Sen. Ted Cruz (R-TX) has introduced legislation to Democrats that would allow media companies to form formal cartels to negotiate with big tech companies, several congressional aides and others familiar with the process told Breitbart News on Wednesday.
If Cruz goes ahead with his plan—and allows the Senate to advance the legislation—he will immediately become one of the biggest supporters of the establishment media and big tech giants, and he could seriously threaten his political future.
Cruz, who had previously made a committee markup on the Journalism Competition and Protection Act (JCPA) weeks earlier, now decided to give Klobuchar what he wanted and allow the Democrat proposal to pass out of the Senate Judiciary Committee. Considered by the full US Senate.
Several aides on both sides of the JCPA fight familiar with the matter told Breitbart News on Wednesday that Cruz approached Klobuchar and agreed to change the proposed language in an amendment to allow the bill to move forward. Asked repeatedly about it Wednesday, Cruz’s office did not deny the characterization of the aides.
Cruz himself did not respond to Breitbart News inquiries directly to the senator by text. Several Cruz staffers declined to answer whether he had cut a deal with Klobuchar, and they declined to make the senator available for an interview to explain himself.
A spokesman for Cruz would only provide, when asked detailed and serious questions about the possibility of a deal and what form the deal would take, a general statement claiming that Cruz opposes censorship of conservatives – something that would be inherently untrue if he voted or Simply even just enabling the Senate to consider this legislation.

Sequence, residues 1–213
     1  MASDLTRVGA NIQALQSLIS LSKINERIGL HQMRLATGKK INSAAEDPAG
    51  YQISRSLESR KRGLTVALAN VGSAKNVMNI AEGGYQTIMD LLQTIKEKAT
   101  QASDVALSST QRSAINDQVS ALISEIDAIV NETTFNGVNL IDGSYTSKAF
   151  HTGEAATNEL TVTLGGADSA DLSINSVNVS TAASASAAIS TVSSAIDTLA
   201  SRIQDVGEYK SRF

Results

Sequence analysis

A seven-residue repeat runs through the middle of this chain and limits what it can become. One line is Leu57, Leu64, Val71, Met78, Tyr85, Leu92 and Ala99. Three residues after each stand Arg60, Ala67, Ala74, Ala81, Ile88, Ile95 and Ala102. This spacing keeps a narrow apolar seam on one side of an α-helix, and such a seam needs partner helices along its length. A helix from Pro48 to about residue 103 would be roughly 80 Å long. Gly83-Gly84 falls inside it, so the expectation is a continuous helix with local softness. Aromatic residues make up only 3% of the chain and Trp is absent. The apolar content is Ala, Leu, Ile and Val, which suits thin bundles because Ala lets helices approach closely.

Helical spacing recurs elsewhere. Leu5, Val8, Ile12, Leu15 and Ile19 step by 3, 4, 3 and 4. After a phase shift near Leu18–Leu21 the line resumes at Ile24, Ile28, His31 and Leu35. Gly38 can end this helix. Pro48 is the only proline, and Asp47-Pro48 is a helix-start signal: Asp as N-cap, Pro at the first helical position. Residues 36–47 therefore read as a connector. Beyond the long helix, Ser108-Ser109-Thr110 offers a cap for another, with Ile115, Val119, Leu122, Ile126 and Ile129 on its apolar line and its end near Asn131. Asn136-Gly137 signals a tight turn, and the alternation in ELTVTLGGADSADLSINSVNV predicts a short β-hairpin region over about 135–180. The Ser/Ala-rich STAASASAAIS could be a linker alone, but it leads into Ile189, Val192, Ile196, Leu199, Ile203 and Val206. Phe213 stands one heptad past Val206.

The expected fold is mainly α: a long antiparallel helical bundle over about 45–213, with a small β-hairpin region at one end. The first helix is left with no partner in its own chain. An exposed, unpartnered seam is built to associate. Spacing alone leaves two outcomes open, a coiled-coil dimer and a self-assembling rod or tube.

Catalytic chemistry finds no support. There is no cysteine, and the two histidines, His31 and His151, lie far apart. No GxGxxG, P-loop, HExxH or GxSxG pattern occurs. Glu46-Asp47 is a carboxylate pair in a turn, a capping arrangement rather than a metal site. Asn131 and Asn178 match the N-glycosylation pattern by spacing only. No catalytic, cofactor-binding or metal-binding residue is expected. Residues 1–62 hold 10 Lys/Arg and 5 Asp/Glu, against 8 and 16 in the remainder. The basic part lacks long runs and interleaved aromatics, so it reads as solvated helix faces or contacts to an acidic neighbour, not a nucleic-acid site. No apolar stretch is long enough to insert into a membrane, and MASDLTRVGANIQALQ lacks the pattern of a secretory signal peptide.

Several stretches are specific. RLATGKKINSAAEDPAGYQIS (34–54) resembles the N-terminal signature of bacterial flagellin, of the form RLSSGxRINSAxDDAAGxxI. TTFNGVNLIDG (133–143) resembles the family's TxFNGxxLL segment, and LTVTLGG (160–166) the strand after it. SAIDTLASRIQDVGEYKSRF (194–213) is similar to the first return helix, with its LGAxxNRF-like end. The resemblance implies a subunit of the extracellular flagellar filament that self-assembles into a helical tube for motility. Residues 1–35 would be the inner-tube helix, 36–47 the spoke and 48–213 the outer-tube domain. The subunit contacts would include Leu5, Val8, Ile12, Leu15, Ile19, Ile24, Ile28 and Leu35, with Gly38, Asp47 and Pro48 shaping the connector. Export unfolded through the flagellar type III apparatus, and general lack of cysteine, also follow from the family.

“Sen. Cruz is a fierce defender of the First Amendment and free speech, and he will always fight to protect Americans from being censored or silenced,” a Cruz spokesperson told Breitbart News.
The Senate Judiciary Committee is again considering the JCPA on Thursday for the third week in a row, though Cruz’s office declined to answer specific questions on the matter. Late Wednesday, the committee circulated a clarifying amendment that does exactly what various committee aides told Breitbart News that Cruz had warned Klobuchar about: altering the original Cruz amendment text, and removing those that Klobuchar said he could not support.
The office of Sen. John Kennedy (R-LA), who three weeks ago narrowed the larger bill to support Cruz’s amendment in committee, confirmed that Cruz approached Klobuchar on the Daily Caller News Foundation records. Proponents of the JCPA—like Kennedy—and now Cruz—falsely claim it will help conservatives fight Big Tech. The law does not, among serious structural problems, include a favorable nation clause, which means that a group of media companies can band together on their own and negotiate a sweetheart deal with a big tech company, but that deal Not every media company will apply.
Kennedy’s office said in a statement to that publication:
We reached an agreement that clarifies what the bill was designed to do: give local news outlets a real seat at the negotiating table and prevent tech companies from throttling, filtering, suppressing or curating content. The only reason I can see to oppose this bill is that they either have a healthy market competition or free speech problem.
The original Cruz amendment complicated efforts by bill proponents to get the proposal out of the Senate Judiciary Committee several weeks ago. This was because Kennedy supported it – as did the other GOP co-sponsors of the JCPA – while Democrats like Klobuchar opposed it. Incidentally, Sen. Jon Ossoff (D-GA) was stranded in India with the coronavirus and did not nominate a proxy vote for himself, so the Cruz amendment was accepted into the bill and supported by GOP allies like Kennedy and Sen. Lindsey Graham (R-SC), as well as Sen. Chuck Grassley (R-IA), was unwilling to vote for the bill without Cruz’s amendment. As such, a visibly angry Klobuchar withdrew his own bill — and he tried again last week to no avail. Now, thanks to Cruz’s caveat, he may succeed in committee if he tries again Thursday morning.